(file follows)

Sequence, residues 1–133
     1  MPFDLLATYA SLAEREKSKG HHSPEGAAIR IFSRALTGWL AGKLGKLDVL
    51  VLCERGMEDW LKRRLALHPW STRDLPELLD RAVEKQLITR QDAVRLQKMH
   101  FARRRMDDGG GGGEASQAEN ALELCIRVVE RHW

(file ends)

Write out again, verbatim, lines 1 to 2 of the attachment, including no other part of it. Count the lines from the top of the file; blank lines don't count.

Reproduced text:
Sequence, residues 1–133
     1  MPFDLLATYA SLAEREKSKG HHSPEGAAIR IFSRALTGWL AGKLGKLDVL